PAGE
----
The biggest story in the tech world this week is President Trump’s executive order to restrict U.S. companies from supplying products to Huawei. One result of this is Google revoking Huawei’s Android license. The U.S. Commerce Department has already softened the restrictions, but it’s clear the company should be concerned about their future with Android. The company has been working on a backup OS since 2012 and now we know a little more about it.
According to a report by Chinese publication Caijing, Richard Yu, the CEO of Huawei Consumer Business Group, has revealed details about Huawei’s OS. It will apparently be available later this Fall or early next year on phones, computers, tablets, TVs, cars, and wearables. The OS will be compatible with all Android apps and they can also be recompiled to improve performance.
After the news of Google revoking Huawei’s Android license, many assumed that they would simply build an OS based on AOSP. It may not be that simple. They may not be able to use any OS that contains copyright belonging to a U.S. company. So this news of Android app support is a pretty big deal since other Android alternatives, such as Tizen, do not support Android apps out of the box.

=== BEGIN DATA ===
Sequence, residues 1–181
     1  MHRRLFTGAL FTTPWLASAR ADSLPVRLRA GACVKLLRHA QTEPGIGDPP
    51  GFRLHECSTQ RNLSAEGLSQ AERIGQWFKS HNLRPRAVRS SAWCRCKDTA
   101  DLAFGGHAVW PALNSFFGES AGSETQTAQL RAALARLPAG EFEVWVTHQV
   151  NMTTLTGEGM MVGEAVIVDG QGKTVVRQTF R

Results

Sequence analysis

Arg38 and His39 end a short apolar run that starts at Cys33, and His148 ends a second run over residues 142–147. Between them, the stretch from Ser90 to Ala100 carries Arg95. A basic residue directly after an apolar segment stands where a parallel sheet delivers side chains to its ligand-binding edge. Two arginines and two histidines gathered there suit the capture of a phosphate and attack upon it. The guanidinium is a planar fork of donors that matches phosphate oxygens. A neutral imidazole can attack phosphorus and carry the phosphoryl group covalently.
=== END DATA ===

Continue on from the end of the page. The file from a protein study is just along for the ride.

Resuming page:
Huawei devices have become incredibly popular over the last few years, meaning there are millions of people relying on Android apps on their Huawei phones. People won’t want to give up those apps if they move to a new Huawei device.
This situation is far from over. Huawei is already working closely with Google to work on a solution. At the end of all of this, Huawei may still be allowed to use Android and Google Play services. But it’s important to know the company has a backup plan and it involves Android in some capacity.